This film is rated PG-13.
…..and in game stores
‘DmC: Devil May Cry’
Devil hunter Dante returns in another great addition to the acclaimed series, “Devil May Cry.” Wait, maybe “returns” isn’t the right word since it’s actually a complete franchise reboot.
In 2010, Capcom riled up part of their fan base by announcing that they were releasing another Devil May Cry game. The outcry was for the change in character design and story. Well, fans of the series can relax. You will be happy to know they have done a great job. It was released Jan. 15 and 19 for the Playstation 3 and Xbox 360, respectively and Jan. 25 for Microsoft Windows.
Developed by Ninja Theory, the company that introduced the new Ninja Gaiden series, and published by Capcom, DmC puts the player in control of Dante, a young man who has supernatural powers. The game is set in Limbo City, a contemporary city that seems altogether unremarkable but is secretly controlled by powerful demons and transforms into a twisted alternate parody of itself. Simply called Limbo, the demons and other nightmarish creatures delight in attempting to end Dante’s life. Average humans are unaware of Limbo’s existence. While in Limbo, the city itself also tries to kill Dante, changing its shape to hinder his progress, outright crush him or make him fall into oblivion.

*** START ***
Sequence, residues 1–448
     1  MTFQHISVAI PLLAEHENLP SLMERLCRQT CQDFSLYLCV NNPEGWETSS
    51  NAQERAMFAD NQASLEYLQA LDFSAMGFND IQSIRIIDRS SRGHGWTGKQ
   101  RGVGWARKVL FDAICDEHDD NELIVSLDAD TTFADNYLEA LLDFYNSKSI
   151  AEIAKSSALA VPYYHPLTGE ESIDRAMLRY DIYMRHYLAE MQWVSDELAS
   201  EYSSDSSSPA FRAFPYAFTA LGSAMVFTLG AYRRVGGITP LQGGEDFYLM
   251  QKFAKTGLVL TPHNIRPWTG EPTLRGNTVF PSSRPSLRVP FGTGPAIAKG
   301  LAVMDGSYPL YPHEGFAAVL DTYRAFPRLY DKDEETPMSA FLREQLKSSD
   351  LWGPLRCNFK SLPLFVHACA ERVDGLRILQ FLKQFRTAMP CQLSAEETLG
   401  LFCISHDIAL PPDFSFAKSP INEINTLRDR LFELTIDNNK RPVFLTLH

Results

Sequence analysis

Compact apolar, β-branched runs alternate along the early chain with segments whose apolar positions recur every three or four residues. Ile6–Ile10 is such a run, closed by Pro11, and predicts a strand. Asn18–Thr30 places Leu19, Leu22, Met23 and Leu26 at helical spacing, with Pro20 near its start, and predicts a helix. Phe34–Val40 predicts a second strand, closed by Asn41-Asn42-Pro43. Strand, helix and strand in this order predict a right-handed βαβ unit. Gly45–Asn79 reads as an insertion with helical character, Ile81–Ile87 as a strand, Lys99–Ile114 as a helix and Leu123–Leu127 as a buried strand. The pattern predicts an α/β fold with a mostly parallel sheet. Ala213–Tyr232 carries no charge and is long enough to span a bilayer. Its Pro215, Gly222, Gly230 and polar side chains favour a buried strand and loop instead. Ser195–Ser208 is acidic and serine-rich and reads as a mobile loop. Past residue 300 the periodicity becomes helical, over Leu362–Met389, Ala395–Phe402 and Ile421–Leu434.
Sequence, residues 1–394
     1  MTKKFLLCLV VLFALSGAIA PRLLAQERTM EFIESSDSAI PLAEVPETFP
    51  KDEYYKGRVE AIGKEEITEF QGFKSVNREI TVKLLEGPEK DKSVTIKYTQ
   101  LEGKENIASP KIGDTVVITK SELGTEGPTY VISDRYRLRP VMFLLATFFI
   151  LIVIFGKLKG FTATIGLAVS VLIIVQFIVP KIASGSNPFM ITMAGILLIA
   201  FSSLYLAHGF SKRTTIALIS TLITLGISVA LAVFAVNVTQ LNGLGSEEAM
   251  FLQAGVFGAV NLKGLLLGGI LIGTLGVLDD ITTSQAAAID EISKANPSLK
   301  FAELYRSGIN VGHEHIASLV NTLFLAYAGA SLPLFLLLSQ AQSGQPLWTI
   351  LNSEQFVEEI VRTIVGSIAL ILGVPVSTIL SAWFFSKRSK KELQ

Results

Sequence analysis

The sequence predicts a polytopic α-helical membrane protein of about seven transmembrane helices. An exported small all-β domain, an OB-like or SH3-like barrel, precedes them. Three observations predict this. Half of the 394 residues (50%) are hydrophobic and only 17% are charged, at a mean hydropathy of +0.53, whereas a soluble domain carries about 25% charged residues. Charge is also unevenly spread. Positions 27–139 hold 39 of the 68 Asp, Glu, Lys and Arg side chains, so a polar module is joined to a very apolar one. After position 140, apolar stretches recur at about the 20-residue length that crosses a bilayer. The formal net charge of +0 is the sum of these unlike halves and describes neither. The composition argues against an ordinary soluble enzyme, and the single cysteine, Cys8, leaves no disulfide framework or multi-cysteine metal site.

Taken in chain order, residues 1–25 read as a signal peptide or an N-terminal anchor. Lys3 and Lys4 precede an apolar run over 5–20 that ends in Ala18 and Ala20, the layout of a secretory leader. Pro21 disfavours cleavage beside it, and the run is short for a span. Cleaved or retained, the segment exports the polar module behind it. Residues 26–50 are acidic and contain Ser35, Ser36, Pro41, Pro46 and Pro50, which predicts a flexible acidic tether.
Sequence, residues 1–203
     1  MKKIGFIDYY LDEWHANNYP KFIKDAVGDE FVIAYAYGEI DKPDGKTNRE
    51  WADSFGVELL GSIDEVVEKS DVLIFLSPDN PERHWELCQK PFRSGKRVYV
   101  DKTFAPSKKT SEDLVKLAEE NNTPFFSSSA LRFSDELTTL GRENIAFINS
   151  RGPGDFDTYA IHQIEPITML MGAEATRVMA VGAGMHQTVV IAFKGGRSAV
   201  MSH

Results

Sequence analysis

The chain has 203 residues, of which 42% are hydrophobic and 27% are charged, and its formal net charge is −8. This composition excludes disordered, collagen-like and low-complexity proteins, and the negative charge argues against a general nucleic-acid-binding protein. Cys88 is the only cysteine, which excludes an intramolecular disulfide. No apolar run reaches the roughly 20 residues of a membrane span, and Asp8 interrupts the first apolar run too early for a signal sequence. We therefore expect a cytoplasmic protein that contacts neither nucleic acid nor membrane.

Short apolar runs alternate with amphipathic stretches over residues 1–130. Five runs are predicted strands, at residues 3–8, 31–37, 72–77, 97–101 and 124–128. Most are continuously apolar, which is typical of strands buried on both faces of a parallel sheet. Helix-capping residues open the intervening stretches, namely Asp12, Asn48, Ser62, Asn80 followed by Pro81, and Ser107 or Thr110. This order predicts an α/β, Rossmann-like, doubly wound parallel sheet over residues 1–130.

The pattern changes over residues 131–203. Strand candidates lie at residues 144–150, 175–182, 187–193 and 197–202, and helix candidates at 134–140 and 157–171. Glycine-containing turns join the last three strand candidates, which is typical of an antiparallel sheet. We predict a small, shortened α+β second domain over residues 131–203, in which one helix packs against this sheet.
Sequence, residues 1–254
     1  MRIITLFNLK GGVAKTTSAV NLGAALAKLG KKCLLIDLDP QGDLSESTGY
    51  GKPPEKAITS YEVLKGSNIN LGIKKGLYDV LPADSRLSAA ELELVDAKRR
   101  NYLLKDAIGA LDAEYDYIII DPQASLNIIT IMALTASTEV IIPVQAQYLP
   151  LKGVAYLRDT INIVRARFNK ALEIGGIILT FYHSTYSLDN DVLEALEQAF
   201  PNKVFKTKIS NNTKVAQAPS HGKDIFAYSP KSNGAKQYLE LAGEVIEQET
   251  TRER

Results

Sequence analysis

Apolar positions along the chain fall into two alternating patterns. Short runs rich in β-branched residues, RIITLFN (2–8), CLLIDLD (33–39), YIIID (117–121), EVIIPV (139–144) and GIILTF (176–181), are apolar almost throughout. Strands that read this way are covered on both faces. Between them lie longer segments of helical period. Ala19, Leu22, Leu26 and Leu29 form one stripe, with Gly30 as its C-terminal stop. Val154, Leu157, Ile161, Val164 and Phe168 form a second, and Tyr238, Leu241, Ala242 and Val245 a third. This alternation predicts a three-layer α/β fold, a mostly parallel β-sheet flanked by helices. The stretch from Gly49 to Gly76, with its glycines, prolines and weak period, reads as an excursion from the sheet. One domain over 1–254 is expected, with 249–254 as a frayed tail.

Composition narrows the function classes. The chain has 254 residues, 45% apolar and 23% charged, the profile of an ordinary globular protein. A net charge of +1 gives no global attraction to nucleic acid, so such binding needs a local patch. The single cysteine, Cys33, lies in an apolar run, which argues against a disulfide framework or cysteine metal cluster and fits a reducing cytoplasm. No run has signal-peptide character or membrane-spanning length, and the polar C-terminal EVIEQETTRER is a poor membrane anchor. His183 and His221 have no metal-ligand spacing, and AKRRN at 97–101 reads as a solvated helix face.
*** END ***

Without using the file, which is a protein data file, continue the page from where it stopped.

The player begins the game playing as Dante after he wakes from a liquor-fueled night in his trailer on a pier. A girl is banging at his door, telling him he’s in trouble, that he’s been careless and “they” have found him. Dante is then dragged into Limbo. The girl, a psychic named Kat who is able to see him in Limbo, guides him through the pier while a Hunter demon chases him. In pursuit of Dante, the Hunter causes all sorts of damage which reflects in the human dimension, including making a Ferris wheel come lose and roll down the pier. Finally, Dante confronts the Hunter in a battle that ends with the Hunter dead but his last words calling Dante the “Son of Sparda” leave him confused.